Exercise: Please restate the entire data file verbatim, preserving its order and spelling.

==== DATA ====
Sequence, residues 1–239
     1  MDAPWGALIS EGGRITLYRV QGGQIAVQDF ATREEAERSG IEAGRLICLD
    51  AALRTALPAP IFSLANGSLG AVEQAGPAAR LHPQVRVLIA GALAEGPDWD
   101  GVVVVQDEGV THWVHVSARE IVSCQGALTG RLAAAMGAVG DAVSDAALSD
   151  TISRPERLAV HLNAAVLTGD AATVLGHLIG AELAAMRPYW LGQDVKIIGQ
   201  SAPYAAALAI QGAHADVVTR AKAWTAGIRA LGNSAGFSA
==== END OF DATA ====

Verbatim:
Sequence, residues 1–239
     1  MDAPWGALIS EGGRITLYRV QGGQIAVQDF ATREEAERSG IEAGRLICLD
    51  AALRTALPAP IFSLANGSLG AVEQAGPAAR LHPQVRVLIA GALAEGPDWD
   101  GVVVVQDEGV THWVHVSARE IVSCQGALTG RLAAAMGAVG DAVSDAALSD
   151  TISRPERLAV HLNAAVLTGD AATVLGHLIG AELAAMRPYW LGQDVKIIGQ
   201  SAPYAAALAI QGAHADVVTR AKAWTAGIRA LGNSAGFSA